A good interview strategy is important, but an ideal recruitment process will combine an interview with psychometric testing.
Introducing Psychometric Tests
Psychometric assessments dramatically increase the predictability of whether someone can perform in a role. The use of psychometric tests is two to three times better than relying on interviews and experience alone.
The data speaks for itself. In some social psychology research, the correlation between just conducting interviews and reference checks for employees and their performance in the role is 0.26, out of a perfect score of 1.0, with a good store of 0.7 and above. So 0.26 is extremely low. It means that there’s not much correlation between an interview predicting future performance.
But once we add in psychometric assessments that can go right up through 0.76 in terms of a correlation. The best results come from multi tests, where we look at cognitive ability, integrity, and how well the candidate’s interests match the job.
Types of Psychometric Assessments
- Single Assessments Single assessments take a potential employee through a cognitive assessment, for example. Many testing organisations use a subscription model, which means that if you just don’t have a large volume of people to test, it’s not worthwhile.
- Benchmark Assessments A benchmark assessment documents the things that are important for your business, for example, behaviours, qualities and traits. You can then use it to compare candidates to your organisation’s benchmark.
- AI Artificial intelligence is opening up new options, many of which are on subscription models. This makes them more suited to high levels of recruitment, but they’re still worthwhile.
Top Tips for Small Business
The subscription model used for most single assessments makes it harder for small businesses who aren’t recruiting on a large scale. But there are also affordable options that work on a pay-per-assessment model offering single tests for a few hundred dollars.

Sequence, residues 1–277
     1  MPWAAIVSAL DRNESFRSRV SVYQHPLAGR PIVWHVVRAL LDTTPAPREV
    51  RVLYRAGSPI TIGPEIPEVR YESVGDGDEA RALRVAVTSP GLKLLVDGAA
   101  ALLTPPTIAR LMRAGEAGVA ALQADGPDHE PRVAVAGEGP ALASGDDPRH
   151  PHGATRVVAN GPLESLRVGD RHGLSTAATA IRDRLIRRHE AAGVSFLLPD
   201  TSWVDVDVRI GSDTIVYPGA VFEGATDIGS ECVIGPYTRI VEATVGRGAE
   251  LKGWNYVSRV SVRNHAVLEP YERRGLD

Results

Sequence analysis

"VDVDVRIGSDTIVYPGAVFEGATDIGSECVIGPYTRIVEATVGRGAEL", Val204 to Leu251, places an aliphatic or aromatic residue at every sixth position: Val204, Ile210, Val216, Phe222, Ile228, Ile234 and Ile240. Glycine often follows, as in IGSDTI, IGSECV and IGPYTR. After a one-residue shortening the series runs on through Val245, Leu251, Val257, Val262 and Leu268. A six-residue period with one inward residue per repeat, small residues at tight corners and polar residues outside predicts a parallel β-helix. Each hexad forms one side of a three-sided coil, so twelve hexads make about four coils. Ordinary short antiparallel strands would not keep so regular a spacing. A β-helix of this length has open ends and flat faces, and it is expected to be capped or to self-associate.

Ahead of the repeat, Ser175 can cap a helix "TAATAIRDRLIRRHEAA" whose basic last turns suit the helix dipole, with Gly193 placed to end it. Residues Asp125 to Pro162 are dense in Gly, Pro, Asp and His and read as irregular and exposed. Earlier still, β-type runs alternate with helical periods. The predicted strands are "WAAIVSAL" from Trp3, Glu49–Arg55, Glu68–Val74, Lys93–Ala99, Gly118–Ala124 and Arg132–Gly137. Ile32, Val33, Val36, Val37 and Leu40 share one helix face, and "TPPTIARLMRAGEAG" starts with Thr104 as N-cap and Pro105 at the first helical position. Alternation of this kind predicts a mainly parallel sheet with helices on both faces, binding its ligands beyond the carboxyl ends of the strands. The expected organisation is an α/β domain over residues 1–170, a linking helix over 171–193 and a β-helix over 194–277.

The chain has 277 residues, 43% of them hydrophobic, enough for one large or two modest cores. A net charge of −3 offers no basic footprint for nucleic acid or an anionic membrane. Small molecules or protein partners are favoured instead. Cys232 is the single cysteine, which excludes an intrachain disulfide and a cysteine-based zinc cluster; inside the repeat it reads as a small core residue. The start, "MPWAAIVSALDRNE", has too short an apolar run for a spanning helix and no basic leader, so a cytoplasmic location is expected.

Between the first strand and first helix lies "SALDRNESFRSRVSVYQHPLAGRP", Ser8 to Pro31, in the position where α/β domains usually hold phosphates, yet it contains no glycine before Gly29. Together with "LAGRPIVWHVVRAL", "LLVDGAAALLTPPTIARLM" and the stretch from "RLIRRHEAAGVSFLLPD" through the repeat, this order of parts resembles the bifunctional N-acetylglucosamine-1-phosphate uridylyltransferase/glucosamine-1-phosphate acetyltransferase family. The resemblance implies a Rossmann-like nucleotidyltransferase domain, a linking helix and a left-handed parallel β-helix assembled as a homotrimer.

Some small businesses are unwilling to pay for a single test, but to put things in perspective, if you’re paying a recruitment agency $15,000 or $20,000 to recruit someone, it’s well worth spending $300 on an assessment. Psychometric assessment is a fantastic investment and offers a high degree of predictability around whether a person will be a good fit for the role and also for your organisation.
Best Areas to Test
- Cognitive and integrity tests Research shows these are the best predictors for performance in a role. Sometimes, depending on the provider, these will be called aptitude tests.
- Behavioural tests These look at how a person responds in certain circumstances. They are the best predictor of whether a person is going to be a really high-performing employee.
Area to Avoid Testing
People often ask me about personality testing, but this is not the same as psychometric testing, and I usually advise against personality testing. Why? A person’s personality is extremely complicated, and there’s not even that much agreement in social psychology circles on the definition of ‘personality’.
Also, unless you have benchmark data, ie you know the kinds of personality traits that are suited to the role and your organisation, it doesn’t actually help to test a person’s personality.
One personality attribute that we know is a good indicator of performance is conscientiousness. This is described as being achievement-oriented, dependable, orderly, and cautious. But there’s always the risk that this can be faked. Personality testing has its place, but it’s not the best way to get the results that you need.
Analysing the Results
It’s important to remember that when you are getting the results back from psychometric tests, you’re looking for average, or above. There’s a temptation to focus on people that are above average. But remember that being above average is statistically impossible for most people. So we’re looking for average or above average, within our testing.
If you are a small business and you haven’t tried psychometric assessments before, I would encourage you to do so. They will help you hire great people, which will create a fantastic culture, ensure people come up to speed quickly, and ensure they’re productive. Over time, that’s going to be much better in terms of profitability for your business.
Listen in for more on psychometric testing
For more discussion: listen to my FIND. GROW. KEEP. podcast episode on psychometric testing with more tips and examples.
Have your say
Have you tried psychometrics?